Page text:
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By Stephen A. Solomon, DMD & Associates
February 18, 2018
Category: Dental Procedures
Tags: Root Canal  
ARootCanalTreatmentmaybeYourBestChancetoSaveaTooth

“You need a root canal,” isn’t something you want to hear during a dental visit. But whatever your preconceptions about it may be, the fact is root canal treatments don’t cause pain — they alleviate it. What’s more, it may be your best chance to save a tooth that’s at high risk for loss.

First of all, root canal treatments address a serious problem that may be occurring inside a tooth — tooth decay that’s infiltrated the pulp chamber. If it’s not stopped, the decay will continue to advance through the root canals to the bone and weaken the tooth’s attachment. To access the pulp and root canals we first administer a local anesthesia and then create an opening in the tooth, typically in the biting surface.

After accessing the pulp chamber, we then remove all the pulp tissue and clean out any infection.  We then fill the empty pulp chamber and root canals with a special filling and seal the opening we first created. The procedure is often followed some weeks later with a laboratory made crown that permanently covers the tooth for extra protection against another occurrence of decay and protects the tooth from fracturing years later.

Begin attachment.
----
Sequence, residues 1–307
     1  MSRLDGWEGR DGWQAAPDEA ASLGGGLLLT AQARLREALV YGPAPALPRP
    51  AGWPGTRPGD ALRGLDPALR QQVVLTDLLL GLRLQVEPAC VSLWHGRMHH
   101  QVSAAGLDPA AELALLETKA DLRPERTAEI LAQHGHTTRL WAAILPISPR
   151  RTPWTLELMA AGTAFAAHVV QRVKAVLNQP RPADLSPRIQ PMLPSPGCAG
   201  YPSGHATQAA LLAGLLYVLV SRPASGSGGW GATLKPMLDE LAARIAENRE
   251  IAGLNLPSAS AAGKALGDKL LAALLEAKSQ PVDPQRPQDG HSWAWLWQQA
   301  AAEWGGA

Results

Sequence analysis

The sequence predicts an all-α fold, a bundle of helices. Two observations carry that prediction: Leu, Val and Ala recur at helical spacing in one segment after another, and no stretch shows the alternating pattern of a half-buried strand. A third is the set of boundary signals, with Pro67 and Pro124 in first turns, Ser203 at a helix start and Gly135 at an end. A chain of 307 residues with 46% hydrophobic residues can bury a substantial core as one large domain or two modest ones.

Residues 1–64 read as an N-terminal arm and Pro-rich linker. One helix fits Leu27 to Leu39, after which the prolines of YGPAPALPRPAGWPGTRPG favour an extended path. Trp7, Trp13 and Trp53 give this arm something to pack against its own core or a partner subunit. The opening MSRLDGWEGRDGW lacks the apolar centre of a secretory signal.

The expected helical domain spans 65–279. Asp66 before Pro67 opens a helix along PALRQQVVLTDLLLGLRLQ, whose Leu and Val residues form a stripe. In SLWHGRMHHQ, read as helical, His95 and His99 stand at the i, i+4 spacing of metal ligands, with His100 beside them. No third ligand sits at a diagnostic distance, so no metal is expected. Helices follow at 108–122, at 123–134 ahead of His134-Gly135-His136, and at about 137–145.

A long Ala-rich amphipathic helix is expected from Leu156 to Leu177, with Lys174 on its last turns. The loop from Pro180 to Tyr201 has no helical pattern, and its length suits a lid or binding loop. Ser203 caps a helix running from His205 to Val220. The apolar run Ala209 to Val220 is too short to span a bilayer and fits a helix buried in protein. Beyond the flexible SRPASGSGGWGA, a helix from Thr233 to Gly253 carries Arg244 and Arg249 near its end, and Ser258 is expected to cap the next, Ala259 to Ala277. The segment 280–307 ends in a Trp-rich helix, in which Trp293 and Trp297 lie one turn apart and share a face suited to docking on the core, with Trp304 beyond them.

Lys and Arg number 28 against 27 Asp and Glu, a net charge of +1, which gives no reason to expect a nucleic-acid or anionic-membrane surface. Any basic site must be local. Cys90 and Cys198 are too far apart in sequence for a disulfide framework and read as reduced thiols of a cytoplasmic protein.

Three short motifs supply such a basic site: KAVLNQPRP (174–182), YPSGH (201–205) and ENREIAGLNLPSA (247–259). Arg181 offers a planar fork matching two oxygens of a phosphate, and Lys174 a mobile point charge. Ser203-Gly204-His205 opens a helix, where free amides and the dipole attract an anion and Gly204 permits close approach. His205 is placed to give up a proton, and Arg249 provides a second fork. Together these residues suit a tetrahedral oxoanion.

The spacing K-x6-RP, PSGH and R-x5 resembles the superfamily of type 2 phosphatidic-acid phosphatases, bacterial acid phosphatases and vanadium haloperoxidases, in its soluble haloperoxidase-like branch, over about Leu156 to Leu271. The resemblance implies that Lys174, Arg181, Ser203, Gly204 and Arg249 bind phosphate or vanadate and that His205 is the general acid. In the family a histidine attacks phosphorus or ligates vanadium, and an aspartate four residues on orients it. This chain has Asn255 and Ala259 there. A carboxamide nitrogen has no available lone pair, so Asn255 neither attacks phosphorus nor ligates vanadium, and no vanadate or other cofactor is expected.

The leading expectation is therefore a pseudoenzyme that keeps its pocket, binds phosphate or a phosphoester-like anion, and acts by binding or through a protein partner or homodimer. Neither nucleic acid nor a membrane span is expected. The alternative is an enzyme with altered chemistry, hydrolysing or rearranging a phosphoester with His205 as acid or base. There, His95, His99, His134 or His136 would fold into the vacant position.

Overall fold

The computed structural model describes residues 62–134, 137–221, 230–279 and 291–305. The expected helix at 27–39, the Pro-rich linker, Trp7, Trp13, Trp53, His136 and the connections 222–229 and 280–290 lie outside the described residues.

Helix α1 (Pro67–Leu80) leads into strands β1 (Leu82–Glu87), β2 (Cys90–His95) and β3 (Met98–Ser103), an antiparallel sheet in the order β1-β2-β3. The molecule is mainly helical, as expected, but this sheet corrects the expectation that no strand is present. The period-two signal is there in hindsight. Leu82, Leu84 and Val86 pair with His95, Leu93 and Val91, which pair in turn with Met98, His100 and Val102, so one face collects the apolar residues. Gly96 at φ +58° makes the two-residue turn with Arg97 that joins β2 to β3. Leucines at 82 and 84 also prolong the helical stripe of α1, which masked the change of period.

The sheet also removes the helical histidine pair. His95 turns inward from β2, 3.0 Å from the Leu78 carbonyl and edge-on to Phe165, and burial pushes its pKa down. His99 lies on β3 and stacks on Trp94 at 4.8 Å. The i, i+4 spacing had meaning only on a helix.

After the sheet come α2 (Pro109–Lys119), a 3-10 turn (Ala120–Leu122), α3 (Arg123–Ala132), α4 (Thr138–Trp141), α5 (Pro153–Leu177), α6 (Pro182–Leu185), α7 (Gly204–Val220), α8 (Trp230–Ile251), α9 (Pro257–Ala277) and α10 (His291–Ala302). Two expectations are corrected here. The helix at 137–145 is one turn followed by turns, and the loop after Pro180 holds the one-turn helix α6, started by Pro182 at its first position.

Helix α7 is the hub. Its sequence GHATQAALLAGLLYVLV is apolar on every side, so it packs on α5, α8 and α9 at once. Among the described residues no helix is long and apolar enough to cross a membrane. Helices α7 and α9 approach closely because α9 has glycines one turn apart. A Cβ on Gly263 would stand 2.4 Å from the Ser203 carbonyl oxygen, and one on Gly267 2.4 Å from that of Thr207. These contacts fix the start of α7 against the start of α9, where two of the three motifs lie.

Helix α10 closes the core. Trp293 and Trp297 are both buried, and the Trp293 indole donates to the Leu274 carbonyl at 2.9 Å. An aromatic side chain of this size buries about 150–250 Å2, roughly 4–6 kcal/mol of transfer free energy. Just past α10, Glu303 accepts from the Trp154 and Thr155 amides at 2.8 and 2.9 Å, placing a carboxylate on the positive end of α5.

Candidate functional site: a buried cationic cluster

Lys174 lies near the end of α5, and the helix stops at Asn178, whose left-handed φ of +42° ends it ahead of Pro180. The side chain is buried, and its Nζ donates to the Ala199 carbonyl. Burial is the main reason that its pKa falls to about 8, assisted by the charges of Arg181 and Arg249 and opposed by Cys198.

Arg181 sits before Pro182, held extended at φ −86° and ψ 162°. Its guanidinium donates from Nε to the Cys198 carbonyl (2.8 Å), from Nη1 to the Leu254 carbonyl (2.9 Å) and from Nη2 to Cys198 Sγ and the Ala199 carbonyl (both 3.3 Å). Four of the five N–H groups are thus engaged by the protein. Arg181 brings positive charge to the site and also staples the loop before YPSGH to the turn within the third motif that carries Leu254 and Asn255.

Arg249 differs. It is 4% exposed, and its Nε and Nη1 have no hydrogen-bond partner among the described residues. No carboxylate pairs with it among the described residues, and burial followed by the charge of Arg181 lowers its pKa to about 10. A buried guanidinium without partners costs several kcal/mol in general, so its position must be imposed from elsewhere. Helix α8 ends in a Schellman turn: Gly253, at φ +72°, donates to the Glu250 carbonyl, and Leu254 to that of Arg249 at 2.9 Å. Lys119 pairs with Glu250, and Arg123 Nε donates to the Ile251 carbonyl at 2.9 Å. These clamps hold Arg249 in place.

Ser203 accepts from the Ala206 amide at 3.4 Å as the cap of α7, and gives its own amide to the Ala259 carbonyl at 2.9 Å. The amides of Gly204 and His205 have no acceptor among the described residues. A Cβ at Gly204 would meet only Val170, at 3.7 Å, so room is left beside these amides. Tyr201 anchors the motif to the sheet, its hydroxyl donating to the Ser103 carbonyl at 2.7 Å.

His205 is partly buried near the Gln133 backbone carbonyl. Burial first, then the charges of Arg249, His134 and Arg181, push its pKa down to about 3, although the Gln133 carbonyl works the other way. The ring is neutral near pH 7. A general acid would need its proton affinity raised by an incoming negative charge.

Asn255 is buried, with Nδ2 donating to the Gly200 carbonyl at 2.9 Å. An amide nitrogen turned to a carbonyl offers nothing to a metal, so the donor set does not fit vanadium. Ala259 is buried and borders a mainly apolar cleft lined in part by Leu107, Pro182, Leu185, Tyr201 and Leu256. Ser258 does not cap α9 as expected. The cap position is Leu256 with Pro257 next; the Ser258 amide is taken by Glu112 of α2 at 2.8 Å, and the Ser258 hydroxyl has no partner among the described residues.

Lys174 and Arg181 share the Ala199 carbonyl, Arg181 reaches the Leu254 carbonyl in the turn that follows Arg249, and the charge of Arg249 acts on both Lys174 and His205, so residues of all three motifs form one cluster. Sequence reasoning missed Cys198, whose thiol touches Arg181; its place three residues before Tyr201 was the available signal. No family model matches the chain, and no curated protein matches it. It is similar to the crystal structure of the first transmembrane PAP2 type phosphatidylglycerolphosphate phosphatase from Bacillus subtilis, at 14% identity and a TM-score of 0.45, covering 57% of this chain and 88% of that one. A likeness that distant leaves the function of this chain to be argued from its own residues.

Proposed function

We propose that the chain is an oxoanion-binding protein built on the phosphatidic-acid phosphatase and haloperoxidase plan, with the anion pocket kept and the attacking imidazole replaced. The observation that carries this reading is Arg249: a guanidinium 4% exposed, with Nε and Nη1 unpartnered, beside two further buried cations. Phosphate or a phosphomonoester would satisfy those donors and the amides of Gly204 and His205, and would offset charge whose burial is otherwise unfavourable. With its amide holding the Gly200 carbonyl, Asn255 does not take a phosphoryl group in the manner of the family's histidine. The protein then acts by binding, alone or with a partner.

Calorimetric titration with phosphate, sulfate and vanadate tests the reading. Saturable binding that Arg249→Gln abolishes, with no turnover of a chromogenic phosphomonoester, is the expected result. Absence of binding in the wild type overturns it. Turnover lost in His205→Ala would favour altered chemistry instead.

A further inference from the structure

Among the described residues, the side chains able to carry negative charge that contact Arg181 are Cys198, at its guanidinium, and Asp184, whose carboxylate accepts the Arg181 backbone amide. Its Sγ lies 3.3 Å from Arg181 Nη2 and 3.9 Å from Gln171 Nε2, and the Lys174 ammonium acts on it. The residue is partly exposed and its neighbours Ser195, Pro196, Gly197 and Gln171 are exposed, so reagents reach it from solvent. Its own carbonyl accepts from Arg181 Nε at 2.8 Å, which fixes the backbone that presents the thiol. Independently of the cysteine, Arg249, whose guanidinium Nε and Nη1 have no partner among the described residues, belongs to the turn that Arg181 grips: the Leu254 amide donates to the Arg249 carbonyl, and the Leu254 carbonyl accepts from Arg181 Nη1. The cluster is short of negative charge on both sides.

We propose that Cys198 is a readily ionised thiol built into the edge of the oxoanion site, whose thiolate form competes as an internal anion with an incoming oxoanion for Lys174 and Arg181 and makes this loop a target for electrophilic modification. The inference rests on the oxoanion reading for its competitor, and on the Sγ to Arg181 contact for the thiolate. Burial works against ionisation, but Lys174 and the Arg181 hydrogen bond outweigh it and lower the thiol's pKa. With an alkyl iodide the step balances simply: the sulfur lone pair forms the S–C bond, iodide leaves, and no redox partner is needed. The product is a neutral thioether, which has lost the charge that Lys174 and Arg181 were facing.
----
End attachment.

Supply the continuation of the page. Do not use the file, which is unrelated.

Besides stopping the infection from continuing beyond the roots and saving the tooth from loss, root canal treatments also alleviate the symptoms caused by decay, including tenderness and swelling of surrounding gum tissue and sensitivity to hot and cold foods or pressure when biting down. And, it reduces pain — the dull ache or sometimes acute pain from the tooth that may have brought you to our office in the first place.

General dentists commonly perform root canal treatments; in more complicated cases they’re performed by an endodontist, a specialist in root canal treatments. Afterward, any discomfort is usually managed with non-steroidal anti-inflammatory drugs (NSAID) such as ibuprofen or aspirin.

Root canal treatments are a common procedure with a high rate of success. Undergoing one will end the pain and discomfort your infected tooth has caused you; more importantly, your tooth will gain a new lease on life.

If you would like more information on root canal treatments, please contact us or schedule an appointment for a consultation. You can also learn more about this topic by reading the Dear Doctor magazine article “Common Concerns about Root Canal Treatment.”

By Stephen A. Solomon, DMD & Associates
February 07, 2018
Category: Dental Procedures

Discover the many ways in which dental crowns could benefit your smile.dental crowns